Navigating the path of divorce and separation with compassion, expertise, and care with our Family Team by your side.
In order to be eligible for a divorce or dissolution, you must have been married or in a civil partnership for at least one year, your marriage or civil partnership must be legally recognised in the UK and the UK must be your permanent home (or that of your spouse/civil partner).
There is only one ground for a divorce or dissolution and that is that the marriage or partnership has irretrievably broken down. This allows parties to divorce or dissolve their partnership without assigning blame.
The divorce and dissolution process takes a minimum of 26 weeks. Once your application has been issued by the court there will then be a 20-week period from the date on which the application was issued before the you can apply to the court for it to make the conditional order of divorce/dissolution.
This gives you a period of time to reflect on the decision to proceed and to try to resolve any arrangements regarding children and finances.
The final order confirms that the marriage or civil partnership has legally ended. You can apply for the final order six weeks and one day after the date of conditional order.
It is not possible to defend a divorce or dissolution. The court will not determine whether the irretrievable breakdown of the marriage or partnership has been proved and will take the application as conclusive evidence.
The only grounds on which a divorce or dissolution may be disputed are:
If you have reconciled, or changed your mind about the divorce or dissolution, then it is possible to stop the process any time before the final order has been granted by the court.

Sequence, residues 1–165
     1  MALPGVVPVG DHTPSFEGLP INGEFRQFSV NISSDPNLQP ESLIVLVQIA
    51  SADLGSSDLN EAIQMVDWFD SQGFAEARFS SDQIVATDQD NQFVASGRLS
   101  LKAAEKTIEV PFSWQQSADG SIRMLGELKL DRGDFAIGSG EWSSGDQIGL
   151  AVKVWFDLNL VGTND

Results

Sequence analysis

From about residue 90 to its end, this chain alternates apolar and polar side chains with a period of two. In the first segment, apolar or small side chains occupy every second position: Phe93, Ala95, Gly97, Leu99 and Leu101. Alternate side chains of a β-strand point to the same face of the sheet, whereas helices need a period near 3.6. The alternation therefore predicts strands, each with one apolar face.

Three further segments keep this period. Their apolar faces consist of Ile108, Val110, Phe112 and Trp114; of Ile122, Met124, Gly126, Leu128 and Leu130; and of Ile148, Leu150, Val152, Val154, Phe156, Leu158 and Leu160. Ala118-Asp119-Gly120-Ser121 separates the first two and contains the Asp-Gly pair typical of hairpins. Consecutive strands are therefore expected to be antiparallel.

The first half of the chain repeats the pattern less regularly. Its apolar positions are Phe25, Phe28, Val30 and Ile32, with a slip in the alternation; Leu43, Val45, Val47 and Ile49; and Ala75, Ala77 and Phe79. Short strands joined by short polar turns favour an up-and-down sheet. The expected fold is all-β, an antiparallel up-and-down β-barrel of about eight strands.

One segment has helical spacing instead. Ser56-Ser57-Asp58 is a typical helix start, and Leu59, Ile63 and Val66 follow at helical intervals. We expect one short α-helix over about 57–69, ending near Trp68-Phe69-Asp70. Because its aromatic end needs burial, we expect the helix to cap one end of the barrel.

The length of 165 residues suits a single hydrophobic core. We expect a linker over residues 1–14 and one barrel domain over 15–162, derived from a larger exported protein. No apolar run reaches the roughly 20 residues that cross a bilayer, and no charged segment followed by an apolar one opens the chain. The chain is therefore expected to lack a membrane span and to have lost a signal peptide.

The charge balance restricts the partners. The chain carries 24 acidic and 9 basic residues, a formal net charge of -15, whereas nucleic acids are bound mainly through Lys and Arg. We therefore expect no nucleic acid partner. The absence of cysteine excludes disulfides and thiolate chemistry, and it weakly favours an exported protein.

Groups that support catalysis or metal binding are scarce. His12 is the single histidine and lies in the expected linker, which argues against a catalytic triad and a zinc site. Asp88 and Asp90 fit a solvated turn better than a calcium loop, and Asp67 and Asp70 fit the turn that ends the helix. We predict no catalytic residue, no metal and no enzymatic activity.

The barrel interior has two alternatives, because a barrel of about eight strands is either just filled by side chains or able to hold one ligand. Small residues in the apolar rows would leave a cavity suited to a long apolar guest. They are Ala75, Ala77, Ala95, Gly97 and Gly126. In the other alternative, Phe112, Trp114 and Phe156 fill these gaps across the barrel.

A divorce or dissolution of a civil partnership affects inheritance under a Will.
Although you may have separated, you remain legally married or civil partners until Final Order is granted. Obtaining Final Order in proceedings can however take time, and is often delayed to allow for financial matters to be resolved. As a result, if you die before Final Order is granted, and without a will in place, your estate may pass to your spouse/civil partner under the intestacy rules or under the terms of any will you have not reviewed. Therefore, you may wish to update your will upon any separation.
Once the Final Order has been obtained you should also consider either changing your existing Will or making a Will. Obtaining Final Order legally brings your marriage or civil partnership to an end and would mean that any gift to your spouse or civil partner in your Will or appointment of them as executor will no longer take effect.
Please visit our Will, Probate and Estate Planning Team pages for further information regarding updating your Will.
Obtaining Final Order in divorce means that you are no longer legally married or civil partners. It does not resolve the financial claims that exist following a separation. It is important that you obtain advice on resolving financial matters as early as possible. You can find further information on resolving your financial arrangements here.
For more information on how we can help support you through your separation, please contact our Family Team.
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